Using brain cells to treat diabetes

Exploring the role of insulin and islet protection factors released from stem cell derived neural cells to help improve treatment for diabetes



We’re investigating how substances released by neural cells and derived from stem cells can protect insulin-producing cells in the pancreas. These substances might help in preserving the function of these cells, which is important for managing conditions like diabetes.

What are we doing?

Cell therapies are now seen as the preferred options for ‘curing’ type 1 diabetes – where people no longer need to inject insulin or do finger prick tests. Our project will test whether using a specific type of stem cellderived brain cell could be a transplantable cell therapy in type 1 diabetes. 

How are we doing it?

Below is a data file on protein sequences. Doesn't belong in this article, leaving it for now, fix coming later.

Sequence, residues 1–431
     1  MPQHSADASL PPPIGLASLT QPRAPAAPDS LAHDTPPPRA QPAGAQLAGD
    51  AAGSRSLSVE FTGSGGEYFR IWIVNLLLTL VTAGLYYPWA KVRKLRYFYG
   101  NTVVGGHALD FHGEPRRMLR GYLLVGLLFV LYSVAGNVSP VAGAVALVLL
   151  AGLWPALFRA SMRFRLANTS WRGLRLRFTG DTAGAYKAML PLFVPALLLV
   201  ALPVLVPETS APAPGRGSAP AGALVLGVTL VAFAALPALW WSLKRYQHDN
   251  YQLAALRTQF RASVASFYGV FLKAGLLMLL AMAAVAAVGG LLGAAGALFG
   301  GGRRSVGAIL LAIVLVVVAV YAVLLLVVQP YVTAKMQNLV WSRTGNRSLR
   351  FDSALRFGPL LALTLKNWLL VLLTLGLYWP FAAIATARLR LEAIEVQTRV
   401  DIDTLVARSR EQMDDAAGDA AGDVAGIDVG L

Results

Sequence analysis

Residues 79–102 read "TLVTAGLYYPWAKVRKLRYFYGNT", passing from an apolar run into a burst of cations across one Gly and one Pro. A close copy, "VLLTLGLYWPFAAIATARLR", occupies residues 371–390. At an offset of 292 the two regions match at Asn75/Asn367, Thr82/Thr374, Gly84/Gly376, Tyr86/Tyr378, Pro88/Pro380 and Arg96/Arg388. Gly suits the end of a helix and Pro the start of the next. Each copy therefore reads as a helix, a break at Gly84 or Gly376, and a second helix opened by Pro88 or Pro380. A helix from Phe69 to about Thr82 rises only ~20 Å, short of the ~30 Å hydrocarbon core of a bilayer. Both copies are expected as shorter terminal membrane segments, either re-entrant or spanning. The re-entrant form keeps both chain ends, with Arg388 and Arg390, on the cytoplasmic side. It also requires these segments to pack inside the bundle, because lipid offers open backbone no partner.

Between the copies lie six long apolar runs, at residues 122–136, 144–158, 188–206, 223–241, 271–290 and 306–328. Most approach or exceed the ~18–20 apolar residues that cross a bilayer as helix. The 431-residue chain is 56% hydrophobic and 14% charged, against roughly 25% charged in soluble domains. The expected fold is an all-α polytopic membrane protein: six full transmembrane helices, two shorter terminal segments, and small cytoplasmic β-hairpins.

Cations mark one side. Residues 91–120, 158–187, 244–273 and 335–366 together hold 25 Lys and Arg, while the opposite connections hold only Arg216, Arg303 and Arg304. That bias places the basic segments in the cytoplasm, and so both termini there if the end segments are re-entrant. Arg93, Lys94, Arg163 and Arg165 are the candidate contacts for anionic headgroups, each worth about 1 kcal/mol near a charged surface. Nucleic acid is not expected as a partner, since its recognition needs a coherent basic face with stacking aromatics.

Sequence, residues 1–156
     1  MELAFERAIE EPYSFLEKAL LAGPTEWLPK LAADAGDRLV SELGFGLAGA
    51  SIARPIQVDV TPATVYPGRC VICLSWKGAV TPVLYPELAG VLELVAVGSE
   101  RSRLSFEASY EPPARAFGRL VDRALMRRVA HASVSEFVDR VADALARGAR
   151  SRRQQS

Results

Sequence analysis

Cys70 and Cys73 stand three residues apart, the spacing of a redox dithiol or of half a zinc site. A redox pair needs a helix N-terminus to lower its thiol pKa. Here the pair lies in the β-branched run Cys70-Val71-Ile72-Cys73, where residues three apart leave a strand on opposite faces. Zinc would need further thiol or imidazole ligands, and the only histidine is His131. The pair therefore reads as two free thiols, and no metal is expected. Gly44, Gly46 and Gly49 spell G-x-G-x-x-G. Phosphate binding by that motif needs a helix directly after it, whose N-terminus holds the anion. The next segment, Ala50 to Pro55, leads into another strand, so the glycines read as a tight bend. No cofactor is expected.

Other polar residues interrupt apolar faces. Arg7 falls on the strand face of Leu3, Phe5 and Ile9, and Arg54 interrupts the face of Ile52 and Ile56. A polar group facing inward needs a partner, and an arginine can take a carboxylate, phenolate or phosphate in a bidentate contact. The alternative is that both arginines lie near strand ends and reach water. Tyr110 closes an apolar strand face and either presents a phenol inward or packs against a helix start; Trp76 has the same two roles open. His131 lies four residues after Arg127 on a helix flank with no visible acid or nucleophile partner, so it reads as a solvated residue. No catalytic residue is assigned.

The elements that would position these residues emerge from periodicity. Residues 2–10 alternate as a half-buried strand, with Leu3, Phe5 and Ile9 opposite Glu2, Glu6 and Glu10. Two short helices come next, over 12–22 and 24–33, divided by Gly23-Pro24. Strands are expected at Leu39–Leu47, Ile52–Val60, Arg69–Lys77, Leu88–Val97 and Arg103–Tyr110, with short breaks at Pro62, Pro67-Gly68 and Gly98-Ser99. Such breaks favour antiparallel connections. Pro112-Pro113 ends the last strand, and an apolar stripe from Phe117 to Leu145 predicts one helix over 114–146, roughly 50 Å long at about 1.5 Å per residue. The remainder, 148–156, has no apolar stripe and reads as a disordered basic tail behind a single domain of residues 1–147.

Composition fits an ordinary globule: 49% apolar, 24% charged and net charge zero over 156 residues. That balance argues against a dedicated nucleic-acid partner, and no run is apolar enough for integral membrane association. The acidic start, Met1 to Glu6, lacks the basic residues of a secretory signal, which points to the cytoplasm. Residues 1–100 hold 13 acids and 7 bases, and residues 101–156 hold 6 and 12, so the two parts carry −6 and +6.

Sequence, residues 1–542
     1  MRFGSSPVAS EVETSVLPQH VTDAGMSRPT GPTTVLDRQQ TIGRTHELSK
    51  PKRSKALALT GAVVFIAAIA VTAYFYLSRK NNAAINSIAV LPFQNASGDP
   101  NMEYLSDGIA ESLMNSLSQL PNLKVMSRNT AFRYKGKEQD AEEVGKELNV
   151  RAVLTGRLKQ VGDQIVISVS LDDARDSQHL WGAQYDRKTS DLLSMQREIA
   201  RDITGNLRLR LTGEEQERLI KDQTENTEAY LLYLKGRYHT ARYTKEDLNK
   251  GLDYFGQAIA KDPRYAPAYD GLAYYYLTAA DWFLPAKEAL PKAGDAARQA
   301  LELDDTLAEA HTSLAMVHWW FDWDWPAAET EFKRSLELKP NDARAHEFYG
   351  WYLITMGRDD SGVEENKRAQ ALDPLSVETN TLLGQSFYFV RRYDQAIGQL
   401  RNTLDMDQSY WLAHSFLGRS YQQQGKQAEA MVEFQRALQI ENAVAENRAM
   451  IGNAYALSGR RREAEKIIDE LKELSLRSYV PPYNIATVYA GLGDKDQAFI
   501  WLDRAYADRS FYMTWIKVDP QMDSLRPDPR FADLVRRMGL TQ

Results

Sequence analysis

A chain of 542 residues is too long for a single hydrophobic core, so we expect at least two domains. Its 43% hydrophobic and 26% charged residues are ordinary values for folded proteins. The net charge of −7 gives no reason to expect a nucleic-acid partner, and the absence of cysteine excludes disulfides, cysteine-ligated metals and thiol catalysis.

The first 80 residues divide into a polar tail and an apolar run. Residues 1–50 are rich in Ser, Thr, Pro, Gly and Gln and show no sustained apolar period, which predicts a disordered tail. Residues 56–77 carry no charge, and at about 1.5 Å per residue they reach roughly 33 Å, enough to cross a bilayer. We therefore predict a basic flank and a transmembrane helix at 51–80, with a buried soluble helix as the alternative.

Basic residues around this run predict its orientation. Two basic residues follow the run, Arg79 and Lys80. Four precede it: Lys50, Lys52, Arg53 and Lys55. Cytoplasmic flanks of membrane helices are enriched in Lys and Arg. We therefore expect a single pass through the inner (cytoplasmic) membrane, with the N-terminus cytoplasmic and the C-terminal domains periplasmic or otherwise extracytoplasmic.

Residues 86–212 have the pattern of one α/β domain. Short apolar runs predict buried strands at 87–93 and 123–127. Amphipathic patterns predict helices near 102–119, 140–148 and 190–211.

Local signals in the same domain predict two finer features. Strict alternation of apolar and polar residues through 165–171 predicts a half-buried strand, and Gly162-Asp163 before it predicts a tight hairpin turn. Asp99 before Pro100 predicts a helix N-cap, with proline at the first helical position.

We’ll use cutting edge technology to build three dimensional ‘organoids’ – miniature brains that resemble pancreatic islets. We’ll test the organoids for their response to energy such as sugars and fats and see what factors and how they change after exposure.

We aim to:

1.  Test the physiology and pharmacology of specific neural cells  

2: Test whether our specific neural stem cells can protect pancreatic islets and improve their health immediately after transplantation 

What happens next?

We’ll be getting into the lab to begin to carry out these experiments.  If our hypotheses are correct, we’ll bid for larger grants to carry out some more pre-clinical feasibility work. Our ultimate aim, if successful, is to incorporate our cell engineering work into current cell therapies, to give better patient outcomes. 


Dr. Craig Beall, Co-project lead

Natasha MacDonald

Eleanor Pearson 


People involved